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Rendering UI


Whereas slice-displays can give a very “close-to-the-data” look at results of a whole-brain mapping, it sometimes is more desirable to visualize an entire 3D space with one image. One way to do this is by using mesh-based surfaces containing a projection of statistical information. However, the extent in the third dimension (orthogonal to the surface) is not easy to visualize in (and grasp from) such images. Another look at the data is to render the entire dataset slice by slice in a semi-transparent fashion. Here are four examples (click to zoom):

Activation with brain Activation volume map together with opaque brain and transparently rendered skull Back-projected left hemisphere surface with activation map


The Rendering UI is available via the Visualization → Render menu item as well as the rendering button (below the surface pane button), and it looks like this:

NeuroElf Rendering UI (v0.9c)

The dialog has the following controls and properties:

  • read-only edit box showing the anatomical dataset used for rendering (whatever object is selected while the dialog is invoked)
  • colored buttons for the background as well as the lower and upper boundary values for the anatomical dataset, followed by a dropdown box defining the color-blending mechanism
  • drop-down box to chose an additional (secondary) anatomical dataset used for alpha (transparency) information (e.g. to make certain parts of the volume semi-transparent), followed by the alpha-level factor for this secondary dataset (edit box)
  • slice stepping controls (from, to, step size) which determine which planes in the 3D space will be sampled (smaller step sizes increase quality for high-res images)
  • planar bounding box controls (Y/Z from and to) which determine the coordinate space per sampled slice
  • rotation controls (same logic as with surface pane, which can be used as a “preview” to find a good viewing angle)
  • distance control which determines the amount of perspective-based shearing
  • resolution control which sets the output image size (square)
  • statistical map preprocessing controls, allowing to smooth the edges of a VMP (e.g. after clustering) to obtain a higher quality “inlay” to a brain (and resulting in less edges)
  • anatomical alpha-level (relative to black/white sampled color of brain; unused if a secondary dataset is selected for the alpha channel sampling)
  • statistical alpha-level (negative values produce soft edges, as lower thresholds will be scaled between 0 and 1 internally already)
  • join maps, controls whether for multiple selected maps the colors are to represent a mixed color (joined) or the “top-most” color (in order of VMP container)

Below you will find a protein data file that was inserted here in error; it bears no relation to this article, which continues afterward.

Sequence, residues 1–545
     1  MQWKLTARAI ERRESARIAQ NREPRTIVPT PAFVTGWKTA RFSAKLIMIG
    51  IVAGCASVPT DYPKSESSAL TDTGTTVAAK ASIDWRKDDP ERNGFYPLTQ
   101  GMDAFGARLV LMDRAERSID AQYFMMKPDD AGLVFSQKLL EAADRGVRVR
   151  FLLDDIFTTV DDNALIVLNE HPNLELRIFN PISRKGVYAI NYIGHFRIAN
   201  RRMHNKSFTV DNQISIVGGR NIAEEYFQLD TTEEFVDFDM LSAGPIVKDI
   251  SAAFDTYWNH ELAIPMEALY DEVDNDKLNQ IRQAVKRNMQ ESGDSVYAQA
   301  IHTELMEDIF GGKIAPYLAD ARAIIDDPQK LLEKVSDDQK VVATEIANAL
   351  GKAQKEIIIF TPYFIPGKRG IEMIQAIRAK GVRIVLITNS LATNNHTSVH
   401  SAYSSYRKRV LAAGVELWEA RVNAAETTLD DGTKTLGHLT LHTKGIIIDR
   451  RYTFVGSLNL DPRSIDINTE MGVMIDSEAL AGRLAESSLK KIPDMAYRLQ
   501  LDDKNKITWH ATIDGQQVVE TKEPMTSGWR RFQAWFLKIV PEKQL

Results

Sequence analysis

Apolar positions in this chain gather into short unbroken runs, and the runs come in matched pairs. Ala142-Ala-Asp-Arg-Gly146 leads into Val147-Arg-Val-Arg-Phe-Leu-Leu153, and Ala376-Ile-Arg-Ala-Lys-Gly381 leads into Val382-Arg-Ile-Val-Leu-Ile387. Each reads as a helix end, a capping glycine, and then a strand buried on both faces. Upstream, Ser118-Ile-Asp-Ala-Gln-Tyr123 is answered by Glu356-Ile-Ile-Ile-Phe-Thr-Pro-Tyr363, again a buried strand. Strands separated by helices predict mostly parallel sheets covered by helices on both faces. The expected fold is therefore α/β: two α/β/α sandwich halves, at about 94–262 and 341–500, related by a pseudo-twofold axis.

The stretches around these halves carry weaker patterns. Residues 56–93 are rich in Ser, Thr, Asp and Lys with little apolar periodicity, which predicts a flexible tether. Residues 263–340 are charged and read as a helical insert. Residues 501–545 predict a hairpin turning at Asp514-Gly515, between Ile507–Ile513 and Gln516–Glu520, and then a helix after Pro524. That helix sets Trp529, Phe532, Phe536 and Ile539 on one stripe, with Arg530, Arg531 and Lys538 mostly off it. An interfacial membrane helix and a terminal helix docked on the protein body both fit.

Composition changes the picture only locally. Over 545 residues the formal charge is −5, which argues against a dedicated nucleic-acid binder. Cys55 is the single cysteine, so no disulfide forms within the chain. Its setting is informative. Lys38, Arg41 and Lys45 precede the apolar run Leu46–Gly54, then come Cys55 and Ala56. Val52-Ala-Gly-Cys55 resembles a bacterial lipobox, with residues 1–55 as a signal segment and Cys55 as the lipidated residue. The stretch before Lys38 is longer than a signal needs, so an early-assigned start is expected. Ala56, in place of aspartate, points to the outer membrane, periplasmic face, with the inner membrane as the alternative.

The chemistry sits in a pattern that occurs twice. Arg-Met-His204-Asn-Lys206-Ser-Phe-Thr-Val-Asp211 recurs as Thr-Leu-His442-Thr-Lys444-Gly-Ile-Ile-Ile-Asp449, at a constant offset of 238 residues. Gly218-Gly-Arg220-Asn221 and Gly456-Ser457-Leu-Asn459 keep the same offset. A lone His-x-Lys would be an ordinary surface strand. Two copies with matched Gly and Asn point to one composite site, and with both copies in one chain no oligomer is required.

• statistics visibility restriction settings (multiplication with anatomical alpha checkbox and minimum anatomical alpha requirement)
  • statistics smoothing, this controls whether, regardless of edge smoothing, the sampled slices will be smoothed (does not affect actual map)
  • minimal visibility (through how much space of brain/skull should activations be visible at least?)
  • interpolation method choice dropdowns (separately for anatomical and statistical datasets)
  • show continuously updated version of rendering
  • target filename and saving checkbox
  • UI close button
  • Render button

Configuration examples

The images above have been created as follows (using the same t-map for all three images):

Common preparation

For all images, the contrast map has been restricted to the brain of the visualization subject (colin_brain_ICBMnorm.vmr). Next, the map has been “border-smoothed” using an 8mm kernel to remove sharp edges around the brain border. The anatomical alpha was set to 0.2. The visibility (min. depth) has been set to 3.5mm, and a slice step size of 0.5mm has been set.

Full brain and activation

The resolution was set to 1024 pixels, and the angles were 60 degrees zenith and 150 degrees azimuth.

Medial view on left hemisphere

A copy of the brain dataset was created from which the right hemisphere was removed. This copy was slightly smoothed to account for some rough edges at the cutting plane.

Brain and skull view

The full head dataset (colin_ICBMnorm.vmr) was selected in the main UI before invoking the rendering UI, and the background of the brain VMR was filled with a low value (30), and then selected as the secondary alpha channel, which makes all non-brain voxels appear with a very high transparency.

Back-projected surface

The left-hemisphere (160k vertices version) was back-projected to a 0.5mm VMR resolution VMR, border-smoothed, then filled up with a gray intensity value, and then rendered with an activation map overlaid.

neuroelf_gui_-_rendering_ui.txt · Last modified: 2011/05/08 01:59 by jochen